Now Reading
Going Outside the Lines

Going Outside the Lines

It’s refreshing to talk to someone who is successful yet so self-effacing. Their humility reminds you that not everyone is just trying to get ahead at the expense of others. Saigon-based animator Fred Serra is one of those people.

“If you think my story is interesting, sure,” replies Fred when he’s approached for an interview. His reply is casual, like his attire. When we meet, he’s wearing a faded pair of denim jeans and a black t-shirt with the name of his venue emblazoned across it, Ruby Soho.

“But I like yellows and pinks. I have no problem with wearing that,” he says when asked if black is all he has in his wardrobe. “But I love red, that’s why it’s red in here.”


The walls of Fred’s venue are painted in a dark ruby red. Noticeably, he bears no sign of any tattoos, something unusual in this era of unabashed self-expression, not least for an artist.

“I’ve been working on a full back piece actually. I don’t see the point of having one tattoo here and one there. I want something that tells my story,” he says.

If that’s the case, Fred is going to need one very large tattoo.

“I usually get around six hours sleep per night. I don’t like to sleep too late. I’m always on the go,” he says.

“If I find out someone really likes something and they come here all the time, I give it to them”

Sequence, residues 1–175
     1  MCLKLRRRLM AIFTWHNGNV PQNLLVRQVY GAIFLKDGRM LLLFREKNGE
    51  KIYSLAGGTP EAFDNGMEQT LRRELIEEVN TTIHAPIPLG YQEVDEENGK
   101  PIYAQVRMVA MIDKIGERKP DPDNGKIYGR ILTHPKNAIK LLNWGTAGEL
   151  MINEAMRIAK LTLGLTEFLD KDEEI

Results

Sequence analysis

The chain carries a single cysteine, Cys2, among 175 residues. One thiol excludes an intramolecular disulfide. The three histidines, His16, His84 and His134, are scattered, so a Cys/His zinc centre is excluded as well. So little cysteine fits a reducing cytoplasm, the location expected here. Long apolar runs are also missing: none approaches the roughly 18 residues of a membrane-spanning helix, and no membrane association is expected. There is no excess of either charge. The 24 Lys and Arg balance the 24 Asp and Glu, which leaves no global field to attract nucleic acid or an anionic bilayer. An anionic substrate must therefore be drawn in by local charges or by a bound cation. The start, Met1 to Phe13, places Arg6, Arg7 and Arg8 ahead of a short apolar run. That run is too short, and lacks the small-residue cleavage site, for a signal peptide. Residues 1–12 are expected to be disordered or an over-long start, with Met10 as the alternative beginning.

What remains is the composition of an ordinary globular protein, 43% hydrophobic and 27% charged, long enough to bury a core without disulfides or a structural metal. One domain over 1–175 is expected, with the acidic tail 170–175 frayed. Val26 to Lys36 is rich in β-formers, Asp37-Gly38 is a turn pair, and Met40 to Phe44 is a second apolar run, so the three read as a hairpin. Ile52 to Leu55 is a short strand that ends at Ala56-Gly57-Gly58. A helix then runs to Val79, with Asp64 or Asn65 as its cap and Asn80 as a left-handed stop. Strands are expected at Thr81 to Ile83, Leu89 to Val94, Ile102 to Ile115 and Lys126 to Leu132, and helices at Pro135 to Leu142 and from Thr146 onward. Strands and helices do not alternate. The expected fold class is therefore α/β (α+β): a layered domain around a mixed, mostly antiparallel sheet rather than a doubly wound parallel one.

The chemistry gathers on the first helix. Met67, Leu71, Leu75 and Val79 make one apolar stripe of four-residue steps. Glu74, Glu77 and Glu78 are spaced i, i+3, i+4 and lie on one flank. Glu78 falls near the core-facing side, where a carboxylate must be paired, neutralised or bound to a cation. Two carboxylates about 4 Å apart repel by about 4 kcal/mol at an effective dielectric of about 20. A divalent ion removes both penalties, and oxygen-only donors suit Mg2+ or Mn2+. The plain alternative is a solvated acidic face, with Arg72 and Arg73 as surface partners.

Ruby Soho, where we meet, is a place that Fred set up not just as a bar, but as an extension of himself, for himself. There are scores of photos and posters from movies and television series on the walls of both floors of the place that he set up initially with a friend and named after a song by one of their favourite bands of all time, 90s American punk rock outfit, Rancid.

“It’s more for me and my toys. I change it all the time and I try to show what I like and who I am. I hope people like it.”


Indeed, people do like it. At times, people ask Fred to sell stuff to them, but nothing is for sale at ‘Ruby’ as he calls the place. It wouldn’t be right.

“If I find out someone really likes something and they come here all the time, I give it to them.”

When he does give an item to a lucky customer, or when he decides that Ruby needs a makeover, the space is filled with other photos or posters from his stockpile at home.

“I have thousands and thousands of images lying around my house,” he says.

It’s something that has caused his wife much consternation over the years. She thought his collection would be limited to his space only.

“I love every kind of image. It’s not just animation and fun, it’s about music, photography and cinema, so my inspiration comes from everywhere, especially cinema and comic books. I try to find them online, anywhere, it’s just a question of finding the right ones.”

“I was in my early thirties and I loved the energy of this country”

Fred looks across the bar which is lit up by the iridescent blue lighting beneath it and points to the wall behind me.

“Something I’ve noticed recently is that all the images have a similar theme,” he says.

Something he says that wasn’t planned.

“Over time, I’ve noticed that the images I buy are all different, but they all go together, somehow they match, they work together and they combine to create the image of this place. It’s a little kitsch. Do you say that in English?”


Now 48, Fred is a father and happily married to a Vietnamese woman who he met 16 years ago when he was first sent to Vietnam briefly by the French animation company he was working for to oversee the quality of animation production at their studio here.

“I was in my early thirties and I loved the energy of this country,” he says.